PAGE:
My childhood memories will always have a special taste and smell for me, every moment knows of something different.
In the summer the little girl knew the pomodori (tomatoes).
I was on vacation with the whole family and my grandmother was in the kitchen; in the morning she went to the market to by the fresh fruit and vegetables of the season. Summer is the time of the pomodori, pomodori San Marzano in particular.
Summer was the time to conserve the pomodori for the winter: peeled and in oil.
The preparation for the pomodori in oil took a long time: the pomodori were cut in half, covered with salt and left to dry in the sun for several days. I loved to eat them before they were completely dry, still a bit sweet but with a layer of salt on top. My mother and grandmother would always scold me when they found me eating them.
Once the pomodori were dry, the salt was scraped off and they were put into boiling water with vinegar, then dried well and put in clean glass jars with garlic, peperoncino, basil and covered with olive oil. The jars were kept in the dark and after a week you could eat them. They are the best with cheese and salami.
The peeled pomodori on the other hand were prepared in late summer when it was cooler. Huge amounts of them would be made and the procedure was long and tedious, but so worthwhile. Often, the entire neighborhood would join together to make them.
To take off the peels, the pomodori were immersed in boiling water for a few minutes, then peeled and the put in sterilized glass jars with a basil leaf.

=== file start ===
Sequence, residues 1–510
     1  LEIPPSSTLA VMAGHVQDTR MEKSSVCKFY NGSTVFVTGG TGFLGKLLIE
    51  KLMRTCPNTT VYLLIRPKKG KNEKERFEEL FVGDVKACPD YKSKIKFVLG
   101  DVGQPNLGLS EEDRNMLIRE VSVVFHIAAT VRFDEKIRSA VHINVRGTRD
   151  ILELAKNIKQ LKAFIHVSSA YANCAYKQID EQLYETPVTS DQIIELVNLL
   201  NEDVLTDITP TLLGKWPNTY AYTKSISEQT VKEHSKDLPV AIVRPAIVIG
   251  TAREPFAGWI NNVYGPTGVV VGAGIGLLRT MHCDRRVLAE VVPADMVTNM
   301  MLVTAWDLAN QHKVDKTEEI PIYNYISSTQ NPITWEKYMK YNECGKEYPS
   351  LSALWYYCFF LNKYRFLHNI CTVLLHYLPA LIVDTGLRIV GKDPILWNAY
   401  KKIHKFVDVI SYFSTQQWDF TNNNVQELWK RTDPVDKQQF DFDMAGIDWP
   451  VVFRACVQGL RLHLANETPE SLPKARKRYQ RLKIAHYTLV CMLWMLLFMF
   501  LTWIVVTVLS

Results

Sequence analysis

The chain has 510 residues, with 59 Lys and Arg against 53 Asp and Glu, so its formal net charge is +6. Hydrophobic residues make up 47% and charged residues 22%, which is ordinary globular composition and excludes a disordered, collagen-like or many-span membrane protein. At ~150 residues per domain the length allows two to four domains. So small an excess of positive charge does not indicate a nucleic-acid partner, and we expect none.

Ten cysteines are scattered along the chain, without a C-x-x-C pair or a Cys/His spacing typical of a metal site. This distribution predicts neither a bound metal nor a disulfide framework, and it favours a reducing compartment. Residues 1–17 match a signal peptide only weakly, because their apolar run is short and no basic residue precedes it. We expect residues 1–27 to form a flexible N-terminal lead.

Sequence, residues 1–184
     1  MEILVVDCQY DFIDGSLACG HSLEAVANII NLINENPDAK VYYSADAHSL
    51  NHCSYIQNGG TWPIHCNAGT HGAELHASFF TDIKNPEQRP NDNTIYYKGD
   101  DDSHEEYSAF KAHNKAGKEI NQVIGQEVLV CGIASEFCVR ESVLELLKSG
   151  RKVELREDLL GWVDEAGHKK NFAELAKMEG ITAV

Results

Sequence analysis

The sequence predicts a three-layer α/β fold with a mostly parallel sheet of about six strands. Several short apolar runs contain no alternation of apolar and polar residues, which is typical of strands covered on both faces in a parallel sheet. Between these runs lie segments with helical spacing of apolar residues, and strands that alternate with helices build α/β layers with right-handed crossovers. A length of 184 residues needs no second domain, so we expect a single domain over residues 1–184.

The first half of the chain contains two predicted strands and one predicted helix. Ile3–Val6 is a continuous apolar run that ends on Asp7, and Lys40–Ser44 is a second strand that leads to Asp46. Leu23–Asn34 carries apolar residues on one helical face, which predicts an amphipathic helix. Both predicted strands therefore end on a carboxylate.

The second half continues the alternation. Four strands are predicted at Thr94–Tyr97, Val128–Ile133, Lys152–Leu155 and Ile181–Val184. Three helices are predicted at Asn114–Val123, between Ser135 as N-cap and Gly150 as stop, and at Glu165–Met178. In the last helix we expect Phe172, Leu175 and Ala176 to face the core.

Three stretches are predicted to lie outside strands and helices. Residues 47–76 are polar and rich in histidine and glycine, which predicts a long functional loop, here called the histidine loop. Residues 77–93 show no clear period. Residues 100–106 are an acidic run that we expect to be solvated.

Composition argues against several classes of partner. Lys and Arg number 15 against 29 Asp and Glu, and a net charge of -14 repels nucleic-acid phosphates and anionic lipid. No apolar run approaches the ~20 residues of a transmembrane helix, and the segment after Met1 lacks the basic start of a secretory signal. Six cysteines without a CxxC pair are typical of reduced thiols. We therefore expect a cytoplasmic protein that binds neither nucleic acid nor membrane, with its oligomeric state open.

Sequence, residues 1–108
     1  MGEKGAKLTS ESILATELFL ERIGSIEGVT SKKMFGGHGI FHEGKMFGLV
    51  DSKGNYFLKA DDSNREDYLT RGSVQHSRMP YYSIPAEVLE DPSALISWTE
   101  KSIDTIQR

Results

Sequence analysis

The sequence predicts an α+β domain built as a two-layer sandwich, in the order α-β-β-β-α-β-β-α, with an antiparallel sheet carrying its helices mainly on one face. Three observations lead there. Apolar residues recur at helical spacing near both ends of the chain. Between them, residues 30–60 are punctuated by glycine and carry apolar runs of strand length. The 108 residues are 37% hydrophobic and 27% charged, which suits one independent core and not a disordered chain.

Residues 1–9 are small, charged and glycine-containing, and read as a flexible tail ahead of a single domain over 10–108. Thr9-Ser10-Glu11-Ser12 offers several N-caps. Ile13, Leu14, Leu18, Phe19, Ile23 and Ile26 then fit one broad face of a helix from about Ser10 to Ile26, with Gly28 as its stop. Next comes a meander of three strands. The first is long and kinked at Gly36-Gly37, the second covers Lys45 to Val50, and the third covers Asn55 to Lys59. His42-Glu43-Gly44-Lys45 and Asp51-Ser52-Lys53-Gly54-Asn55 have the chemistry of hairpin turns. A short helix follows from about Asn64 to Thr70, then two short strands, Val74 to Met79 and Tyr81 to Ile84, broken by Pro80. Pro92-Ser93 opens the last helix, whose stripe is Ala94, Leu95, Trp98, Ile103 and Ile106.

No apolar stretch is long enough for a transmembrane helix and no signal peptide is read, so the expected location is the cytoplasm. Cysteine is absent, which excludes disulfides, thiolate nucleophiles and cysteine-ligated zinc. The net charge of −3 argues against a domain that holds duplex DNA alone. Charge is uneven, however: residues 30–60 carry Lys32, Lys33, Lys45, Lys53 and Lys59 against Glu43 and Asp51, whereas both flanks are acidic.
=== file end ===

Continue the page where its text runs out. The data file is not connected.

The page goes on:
The jars were individually wrapped in newspaper or old cloths, set tightly together in the bottom of a pot so that they would not move or break, and left to boil in the water for thirty minutes.
This was the most delicate part of the operation as the jars often exploded, and so the children were kept away for fear that they would be cut or burned.
It was also possible to make tomato sauce – passata di pomodori. After the tomatoes were peeled they were passed through a hand operated tomato grinder attached to the table that could also be used as a meat grinder. The passata was then put in jars and boiled like the pomodori pelati.
The preserves were kept in a dark dry place to use during the winter when there were no fresh pomodori and they had a taste and smell a thousand times better than factory made.
Elisabetta De Rosa was born in Naples in 1981; in 2004 she earned her degree in Modern Literature at the University of Naples Federico II with a thesis on the Study of Italian Philology. She teaches the Italian language at a school for foreigners and High School Literature. See all of Elisabetta De Rosa’s Articles on Napoli Unplugged.